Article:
In female rats, hormone deprivation was shown to negatively impact the health and function of mitochondria located in the high-demanding brain region called hippocampus.
The study “Hormone deprivation alters mitochondrial function and lipid profile in the hippocampus” was published in the Journal of Endocrinology.
In females, reproductive senescence (aging of the cells) is characterized by the loss of steroid hormones, especially estrogens. These types of hormones also have been linked to aging of the brain. In fact, recent reports suggest that mitochondria within brain cells are the target of steroid hormone action.
However, the long-term effects of sex hormone deprivation in mitochondria function within the brain, especially in the brain region called hippocampus, remains generally unknown. The hippocampus is “an area primarily affected during aging and highly responsive to ovarian hormones.”
In the present study, researchers investigated this link in female rats where rats were “ovariectomized,” which means they underwent surgery to remove the ovaries. In the control group, female rats had “sham” surgery (placebo surgery), which has no therapeutic effect.
After a period of 12 weeks, researchers analyzed hippocampal mitochondria for several parameters, including oxygen uptake, ATP (energy) production, membrane potential and respiratory complex activities. Additionally, they also measured the content of a special lipid, called phospholipid, which is located in mitochondria’s membrane.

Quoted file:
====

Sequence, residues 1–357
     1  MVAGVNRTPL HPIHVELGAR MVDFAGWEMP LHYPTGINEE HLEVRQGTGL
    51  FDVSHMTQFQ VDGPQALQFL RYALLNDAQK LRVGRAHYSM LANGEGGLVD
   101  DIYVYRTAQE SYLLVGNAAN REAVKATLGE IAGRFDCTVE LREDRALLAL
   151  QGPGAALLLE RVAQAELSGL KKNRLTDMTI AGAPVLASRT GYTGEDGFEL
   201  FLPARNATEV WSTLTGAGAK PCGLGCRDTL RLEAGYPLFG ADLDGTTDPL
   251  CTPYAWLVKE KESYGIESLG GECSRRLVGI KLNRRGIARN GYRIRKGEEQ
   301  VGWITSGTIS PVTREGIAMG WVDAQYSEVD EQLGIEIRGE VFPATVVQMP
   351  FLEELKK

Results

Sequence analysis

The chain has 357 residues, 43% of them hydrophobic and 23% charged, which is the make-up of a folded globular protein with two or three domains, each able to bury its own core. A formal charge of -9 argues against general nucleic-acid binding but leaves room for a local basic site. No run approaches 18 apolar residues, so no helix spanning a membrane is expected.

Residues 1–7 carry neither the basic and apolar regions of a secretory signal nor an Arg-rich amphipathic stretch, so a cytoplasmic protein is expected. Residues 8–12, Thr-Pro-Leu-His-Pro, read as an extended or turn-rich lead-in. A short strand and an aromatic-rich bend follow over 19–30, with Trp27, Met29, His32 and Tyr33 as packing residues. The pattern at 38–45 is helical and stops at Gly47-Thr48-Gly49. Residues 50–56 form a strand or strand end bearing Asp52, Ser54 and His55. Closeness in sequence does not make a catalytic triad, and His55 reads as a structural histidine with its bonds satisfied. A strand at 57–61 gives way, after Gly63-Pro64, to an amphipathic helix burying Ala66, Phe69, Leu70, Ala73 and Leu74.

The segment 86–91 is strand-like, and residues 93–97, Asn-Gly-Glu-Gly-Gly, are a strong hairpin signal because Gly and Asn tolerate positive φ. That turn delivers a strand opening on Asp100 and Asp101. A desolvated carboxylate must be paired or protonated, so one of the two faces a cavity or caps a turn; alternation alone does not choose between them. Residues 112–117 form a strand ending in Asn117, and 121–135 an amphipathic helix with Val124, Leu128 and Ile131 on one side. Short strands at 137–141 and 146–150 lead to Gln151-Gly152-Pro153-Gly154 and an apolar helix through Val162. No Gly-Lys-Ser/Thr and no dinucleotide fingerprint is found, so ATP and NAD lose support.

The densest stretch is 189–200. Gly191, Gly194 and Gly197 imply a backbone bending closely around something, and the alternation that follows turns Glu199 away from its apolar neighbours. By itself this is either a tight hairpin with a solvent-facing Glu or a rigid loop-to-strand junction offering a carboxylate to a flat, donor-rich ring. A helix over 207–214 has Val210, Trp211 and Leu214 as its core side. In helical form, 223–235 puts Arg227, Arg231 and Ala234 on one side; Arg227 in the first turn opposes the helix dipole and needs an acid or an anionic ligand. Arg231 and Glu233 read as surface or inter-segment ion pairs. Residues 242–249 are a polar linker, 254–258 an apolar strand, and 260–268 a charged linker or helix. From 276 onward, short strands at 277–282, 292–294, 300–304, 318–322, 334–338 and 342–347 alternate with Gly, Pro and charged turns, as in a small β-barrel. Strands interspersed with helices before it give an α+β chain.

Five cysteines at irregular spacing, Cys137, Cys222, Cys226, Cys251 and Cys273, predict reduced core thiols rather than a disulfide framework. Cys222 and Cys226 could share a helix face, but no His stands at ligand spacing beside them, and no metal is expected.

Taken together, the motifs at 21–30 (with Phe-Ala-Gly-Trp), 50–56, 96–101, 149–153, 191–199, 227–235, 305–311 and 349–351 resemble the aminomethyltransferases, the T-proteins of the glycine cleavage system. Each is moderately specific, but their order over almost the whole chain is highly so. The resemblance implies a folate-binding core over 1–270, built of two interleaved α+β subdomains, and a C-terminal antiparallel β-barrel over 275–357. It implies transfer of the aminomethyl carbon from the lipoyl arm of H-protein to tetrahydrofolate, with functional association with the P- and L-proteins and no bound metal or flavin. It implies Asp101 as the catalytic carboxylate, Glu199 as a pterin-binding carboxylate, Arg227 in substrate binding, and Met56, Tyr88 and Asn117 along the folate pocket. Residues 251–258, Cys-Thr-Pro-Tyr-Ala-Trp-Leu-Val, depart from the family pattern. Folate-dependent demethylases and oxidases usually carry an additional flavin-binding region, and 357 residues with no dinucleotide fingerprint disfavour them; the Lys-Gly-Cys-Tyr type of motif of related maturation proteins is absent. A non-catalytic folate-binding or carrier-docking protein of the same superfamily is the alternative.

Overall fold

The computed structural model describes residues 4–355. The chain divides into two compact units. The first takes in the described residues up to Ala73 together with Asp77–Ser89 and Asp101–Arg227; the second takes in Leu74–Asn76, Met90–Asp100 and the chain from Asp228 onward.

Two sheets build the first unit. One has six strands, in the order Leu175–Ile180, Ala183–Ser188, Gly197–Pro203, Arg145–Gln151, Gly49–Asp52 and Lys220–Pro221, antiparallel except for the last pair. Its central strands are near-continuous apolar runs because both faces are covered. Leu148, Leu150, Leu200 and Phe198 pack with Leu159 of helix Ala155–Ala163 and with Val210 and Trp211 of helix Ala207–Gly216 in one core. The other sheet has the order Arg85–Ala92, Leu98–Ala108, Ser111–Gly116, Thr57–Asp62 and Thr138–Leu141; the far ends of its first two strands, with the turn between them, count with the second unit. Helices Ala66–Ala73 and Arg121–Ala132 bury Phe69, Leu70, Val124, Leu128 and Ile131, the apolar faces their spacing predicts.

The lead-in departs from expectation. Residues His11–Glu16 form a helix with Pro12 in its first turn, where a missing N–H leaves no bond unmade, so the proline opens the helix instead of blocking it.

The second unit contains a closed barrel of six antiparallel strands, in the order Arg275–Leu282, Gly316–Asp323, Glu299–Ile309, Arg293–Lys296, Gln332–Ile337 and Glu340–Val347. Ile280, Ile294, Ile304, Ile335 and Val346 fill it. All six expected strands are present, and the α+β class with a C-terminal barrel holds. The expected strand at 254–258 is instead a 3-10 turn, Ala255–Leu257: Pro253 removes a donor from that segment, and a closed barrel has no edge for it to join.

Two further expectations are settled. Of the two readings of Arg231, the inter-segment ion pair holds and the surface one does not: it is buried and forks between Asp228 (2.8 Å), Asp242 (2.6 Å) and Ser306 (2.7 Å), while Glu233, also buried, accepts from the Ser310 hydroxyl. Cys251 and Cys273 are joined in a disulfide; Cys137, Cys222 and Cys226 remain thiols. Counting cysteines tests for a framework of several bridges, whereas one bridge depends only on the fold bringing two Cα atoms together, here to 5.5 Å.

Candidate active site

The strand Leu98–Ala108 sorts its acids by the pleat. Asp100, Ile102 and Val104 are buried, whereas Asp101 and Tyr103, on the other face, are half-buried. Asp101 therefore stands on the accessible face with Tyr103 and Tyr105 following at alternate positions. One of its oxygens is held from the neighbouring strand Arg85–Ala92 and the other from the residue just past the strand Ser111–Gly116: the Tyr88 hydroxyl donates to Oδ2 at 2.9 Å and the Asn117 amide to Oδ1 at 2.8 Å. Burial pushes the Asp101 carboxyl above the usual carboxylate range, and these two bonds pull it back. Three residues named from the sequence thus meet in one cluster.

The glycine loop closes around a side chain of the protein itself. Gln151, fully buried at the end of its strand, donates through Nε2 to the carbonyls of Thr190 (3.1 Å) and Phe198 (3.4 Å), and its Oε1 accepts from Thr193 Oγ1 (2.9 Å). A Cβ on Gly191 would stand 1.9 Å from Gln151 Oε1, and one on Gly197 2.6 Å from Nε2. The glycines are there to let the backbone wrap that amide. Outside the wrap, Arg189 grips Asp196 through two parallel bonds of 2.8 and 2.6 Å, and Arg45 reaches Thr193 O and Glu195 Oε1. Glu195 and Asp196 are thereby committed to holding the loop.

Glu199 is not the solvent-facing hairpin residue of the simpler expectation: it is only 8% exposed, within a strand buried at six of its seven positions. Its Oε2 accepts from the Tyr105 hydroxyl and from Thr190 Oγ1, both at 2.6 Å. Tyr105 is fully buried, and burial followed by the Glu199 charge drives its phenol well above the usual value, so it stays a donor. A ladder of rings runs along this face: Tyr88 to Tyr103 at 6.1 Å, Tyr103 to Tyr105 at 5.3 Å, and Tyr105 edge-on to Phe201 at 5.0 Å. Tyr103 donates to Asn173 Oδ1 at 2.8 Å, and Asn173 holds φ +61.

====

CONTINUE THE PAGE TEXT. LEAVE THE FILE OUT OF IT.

Researchers observed that mice that underwent long-term ovarian hormone deprivation suffered a decline in mitochondria energy production, denoted by lower ATP production (ATP, or adenosine triphosphate, is the molecule used as energy currency on our cells). Evaluating the hipoccampal mitochondrial membrane lipid profile, researchers observed that while cholesterol showed no differences, other lipids (specifically unsaturated fatty acids) showed higher levels.
“Aged-related modifications in the inner mitochondrial membrane lipid content and composition have been broadly reported as causing a deleterious effect in membrane structural organization, which in turn contributes to mitochondrial dysfunction. Particularly, membrane unsaturation degree has been extensively related to aging,” researchers wrote.
Overall, researchers highlighted that this study “provides insights into ovarian hormone loss-induced early lipid changes with bioenergetic deficits in the hippocampus that may contribute to the increased risk of Alzheimer’s disease and other age-associated disorders observed in post-menopause.”
This suggests that therapeutic strategies targeting mitochondria membranes may prevent or improve the energy impairments suffered by hippocampal mitochondria after ovarian hormone loss.